People's Walk for Wildlife

People's Walk for Wildlife

It was soggy, it was over cast but Saturday’s People’s Walk for Wildlife was a bright uplifting event.

An estimated 10,000 people of all ages and from every part of the UK gathered in Hyde Park to show how much they care about the future of our wildlife and how much they want things to get better – and to get better quickly.

TV presenter and life-long nature lover Chris Packham was the force behind the event. Chris conceived the walk, got a team of folk to work together, drove it forwards and produced an impressive result on the day.

I met many friends and colleagues from BBOWT and many other Wildlife Trusts – including CEOs, staff, and volunteers – all sharing their concern that nature is in a bad way. The other wildlife and countryside organisations were represented too. A thicket of Woodland Trust placards grew in every part of the crowd.

Billy Bragg sang to us to add a musical background. Robert Macfarlane, author of The Wild Places, reminded us that our everyday language is full of references to nature, and yet we have become physically distant from much of the natural world. 

The speeches that stole hearts and made veteran wildlife campaigners weep came from Bella Lack and Dara McAnulty. My BBOWT colleague Nicky said that it was very moving to hear 15 year old Bella’s passion: ‘It made me feel very emotional to hear that a young person is mourning the loss of song birds and sea creatures from her world.’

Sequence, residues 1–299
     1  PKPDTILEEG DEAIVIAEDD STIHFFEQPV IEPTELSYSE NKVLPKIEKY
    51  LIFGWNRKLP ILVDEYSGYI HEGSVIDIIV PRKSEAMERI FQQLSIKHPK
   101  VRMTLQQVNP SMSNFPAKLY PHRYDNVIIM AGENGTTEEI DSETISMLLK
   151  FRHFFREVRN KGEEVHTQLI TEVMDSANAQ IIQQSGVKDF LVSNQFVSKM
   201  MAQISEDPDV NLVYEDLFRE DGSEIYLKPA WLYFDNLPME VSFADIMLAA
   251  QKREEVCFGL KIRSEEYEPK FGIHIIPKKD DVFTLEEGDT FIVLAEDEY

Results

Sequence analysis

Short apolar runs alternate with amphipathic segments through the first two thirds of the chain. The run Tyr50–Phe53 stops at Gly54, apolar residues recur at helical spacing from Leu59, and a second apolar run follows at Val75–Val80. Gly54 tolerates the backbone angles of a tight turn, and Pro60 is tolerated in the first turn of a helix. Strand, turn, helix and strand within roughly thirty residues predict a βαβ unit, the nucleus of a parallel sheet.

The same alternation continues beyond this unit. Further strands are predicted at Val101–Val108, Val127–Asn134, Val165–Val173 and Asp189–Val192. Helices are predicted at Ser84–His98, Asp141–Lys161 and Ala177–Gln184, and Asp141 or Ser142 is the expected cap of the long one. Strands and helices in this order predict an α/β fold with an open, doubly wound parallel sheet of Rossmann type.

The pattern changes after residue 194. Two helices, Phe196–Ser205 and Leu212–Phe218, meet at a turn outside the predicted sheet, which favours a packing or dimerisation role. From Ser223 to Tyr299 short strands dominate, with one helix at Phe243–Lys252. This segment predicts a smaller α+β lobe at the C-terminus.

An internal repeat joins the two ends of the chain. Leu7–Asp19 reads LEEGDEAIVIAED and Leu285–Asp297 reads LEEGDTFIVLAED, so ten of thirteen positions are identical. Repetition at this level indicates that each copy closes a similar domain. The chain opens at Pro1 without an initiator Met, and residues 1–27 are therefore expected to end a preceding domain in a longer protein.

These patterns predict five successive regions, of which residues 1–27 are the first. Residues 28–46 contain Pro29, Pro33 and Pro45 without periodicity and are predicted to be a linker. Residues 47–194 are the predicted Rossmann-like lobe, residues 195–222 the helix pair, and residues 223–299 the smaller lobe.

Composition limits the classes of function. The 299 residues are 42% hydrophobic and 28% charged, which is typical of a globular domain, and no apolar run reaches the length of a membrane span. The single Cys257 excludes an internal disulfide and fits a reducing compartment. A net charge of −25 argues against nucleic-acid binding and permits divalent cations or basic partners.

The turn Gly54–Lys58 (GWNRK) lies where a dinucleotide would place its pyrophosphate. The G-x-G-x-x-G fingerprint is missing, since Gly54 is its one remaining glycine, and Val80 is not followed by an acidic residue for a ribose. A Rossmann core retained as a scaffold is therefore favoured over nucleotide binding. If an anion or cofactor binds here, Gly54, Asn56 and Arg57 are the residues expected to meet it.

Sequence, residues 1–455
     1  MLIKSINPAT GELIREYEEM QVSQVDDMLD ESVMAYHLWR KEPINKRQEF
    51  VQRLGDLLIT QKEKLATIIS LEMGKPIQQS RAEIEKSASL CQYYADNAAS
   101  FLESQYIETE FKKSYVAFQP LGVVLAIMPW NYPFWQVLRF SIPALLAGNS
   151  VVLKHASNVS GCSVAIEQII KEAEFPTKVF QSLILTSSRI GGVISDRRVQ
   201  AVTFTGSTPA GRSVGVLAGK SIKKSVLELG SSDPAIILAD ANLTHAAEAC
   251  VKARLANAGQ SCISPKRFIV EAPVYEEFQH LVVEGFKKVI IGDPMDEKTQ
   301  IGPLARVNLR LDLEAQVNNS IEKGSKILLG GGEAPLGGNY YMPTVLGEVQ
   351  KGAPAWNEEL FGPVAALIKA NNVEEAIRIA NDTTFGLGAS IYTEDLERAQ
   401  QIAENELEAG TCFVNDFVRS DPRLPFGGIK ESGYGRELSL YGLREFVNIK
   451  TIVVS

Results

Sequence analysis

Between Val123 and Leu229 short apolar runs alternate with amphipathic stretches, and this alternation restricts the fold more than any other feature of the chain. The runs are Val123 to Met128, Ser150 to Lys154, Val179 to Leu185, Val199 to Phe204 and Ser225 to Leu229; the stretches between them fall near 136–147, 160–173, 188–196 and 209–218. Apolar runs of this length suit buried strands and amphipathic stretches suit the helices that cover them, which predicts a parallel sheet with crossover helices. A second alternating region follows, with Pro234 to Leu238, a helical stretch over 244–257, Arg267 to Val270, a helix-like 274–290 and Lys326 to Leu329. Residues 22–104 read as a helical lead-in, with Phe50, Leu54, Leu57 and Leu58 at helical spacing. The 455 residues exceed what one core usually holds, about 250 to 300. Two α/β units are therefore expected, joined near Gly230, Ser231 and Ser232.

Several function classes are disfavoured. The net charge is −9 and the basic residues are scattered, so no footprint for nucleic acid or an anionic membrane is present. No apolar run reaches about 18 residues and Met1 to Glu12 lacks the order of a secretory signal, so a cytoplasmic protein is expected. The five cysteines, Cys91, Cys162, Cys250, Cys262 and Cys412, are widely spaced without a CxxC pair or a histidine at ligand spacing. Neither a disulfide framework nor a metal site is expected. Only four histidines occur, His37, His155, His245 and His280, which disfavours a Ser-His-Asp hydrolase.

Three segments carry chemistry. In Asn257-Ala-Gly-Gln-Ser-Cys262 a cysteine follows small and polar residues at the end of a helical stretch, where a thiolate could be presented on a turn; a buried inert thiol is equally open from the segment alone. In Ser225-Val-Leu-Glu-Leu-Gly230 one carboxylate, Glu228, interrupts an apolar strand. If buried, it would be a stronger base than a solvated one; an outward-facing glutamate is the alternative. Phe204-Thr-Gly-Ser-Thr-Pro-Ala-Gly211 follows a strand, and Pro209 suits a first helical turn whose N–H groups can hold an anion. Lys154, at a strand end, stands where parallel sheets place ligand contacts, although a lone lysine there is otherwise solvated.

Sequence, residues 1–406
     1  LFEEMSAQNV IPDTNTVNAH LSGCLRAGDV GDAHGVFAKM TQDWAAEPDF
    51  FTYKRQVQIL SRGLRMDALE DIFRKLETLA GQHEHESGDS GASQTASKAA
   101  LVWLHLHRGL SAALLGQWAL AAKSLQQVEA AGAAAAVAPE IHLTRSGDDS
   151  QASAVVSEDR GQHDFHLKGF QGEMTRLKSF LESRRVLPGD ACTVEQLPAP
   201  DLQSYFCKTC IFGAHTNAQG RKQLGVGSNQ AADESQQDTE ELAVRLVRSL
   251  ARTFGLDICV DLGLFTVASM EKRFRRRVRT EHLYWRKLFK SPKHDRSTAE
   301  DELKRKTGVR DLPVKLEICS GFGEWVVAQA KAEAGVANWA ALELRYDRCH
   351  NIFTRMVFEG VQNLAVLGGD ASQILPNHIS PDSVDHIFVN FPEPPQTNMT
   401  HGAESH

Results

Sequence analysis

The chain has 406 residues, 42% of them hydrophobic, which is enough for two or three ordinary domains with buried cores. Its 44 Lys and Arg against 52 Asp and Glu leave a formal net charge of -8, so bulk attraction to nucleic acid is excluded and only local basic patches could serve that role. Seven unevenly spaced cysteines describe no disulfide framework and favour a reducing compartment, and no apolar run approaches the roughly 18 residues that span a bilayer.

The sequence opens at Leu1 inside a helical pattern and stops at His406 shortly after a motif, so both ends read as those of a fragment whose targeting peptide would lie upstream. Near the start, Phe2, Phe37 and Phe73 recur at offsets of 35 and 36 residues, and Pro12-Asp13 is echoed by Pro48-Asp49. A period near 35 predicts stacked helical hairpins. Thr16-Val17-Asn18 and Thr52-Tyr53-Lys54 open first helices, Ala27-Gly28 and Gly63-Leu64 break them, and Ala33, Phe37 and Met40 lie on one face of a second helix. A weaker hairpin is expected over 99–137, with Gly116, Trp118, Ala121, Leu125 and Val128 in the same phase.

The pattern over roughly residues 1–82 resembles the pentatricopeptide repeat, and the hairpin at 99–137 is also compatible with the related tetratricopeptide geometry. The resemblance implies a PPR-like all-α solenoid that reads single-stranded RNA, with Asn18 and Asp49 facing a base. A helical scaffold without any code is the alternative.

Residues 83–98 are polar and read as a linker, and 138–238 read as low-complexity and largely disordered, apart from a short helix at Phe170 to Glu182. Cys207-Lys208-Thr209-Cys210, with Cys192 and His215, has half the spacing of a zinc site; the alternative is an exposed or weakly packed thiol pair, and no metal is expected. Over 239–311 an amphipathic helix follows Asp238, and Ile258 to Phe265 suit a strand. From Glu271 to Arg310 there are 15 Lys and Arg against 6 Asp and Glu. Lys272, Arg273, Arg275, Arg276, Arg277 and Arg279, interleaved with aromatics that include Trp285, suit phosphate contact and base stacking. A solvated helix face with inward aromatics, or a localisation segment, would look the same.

We must start to put these things right and start it now.

I joined the march across to Downing Street with Billy Bragg singing ‘Where have all the flowers gone’ in the background. The march was fascinating. Buses and cars beeped their horns, doormen from posh establishments in Pall Mall (who must have seen so many marches and processions) stepped out to photograph the Giant Flying Bat with its insect swarm, whilst a Hedgehog and Badger (who were clearly friends) wandered past.

Wildlife Trust banners floated gently overhead and birdsong from hundreds of smartphones filled the air. One fellow walker told me, ‘I have been on many demonstrations, but I have never been on one that is so peaceful’.

Outside Downing Street rousing speeches by Chris Packham and Mark Avery got the crowd cheering. A petition delivered to Number 10 by a group of amazingly articulate children brought the event to a formal end. But the discussions and high spirits lasted long afterwards.

Three days before the Walk for Wildlife, Chris Packham published a People’s Manifesto for Wildlife. This is a very welcome contribution to the current debate about how we tackle nature’s decline, and he and his co-authors share many of the same concerns as The Wildlife Trusts.  

Back at work at BBOWT HQ in Oxford, we are all even more determined to make our countryside and urban areas rich in wildlife once again. We are working towards rebuilding nature with even more determination.

Over the coming months BBOWT’s voice will grow even louder as we fight harder to turn around nature’s decline.

Personally, I am determined that my little granddaughter has the chance to enjoy wildlife all around her as I did when growing up in Southampton in the 1950s. We can turn the tide that has seen so many of our plants and animals in the UK restricted to a scattering of fragmented nature reserves and wildlife sites, where they cling to life.

A wilder Britain is what we need and a wilder Britain is what your Wildlife Trust will be working to achieve.

wild overgrown River Pang

River Pang at Moor Copse by David Hawley


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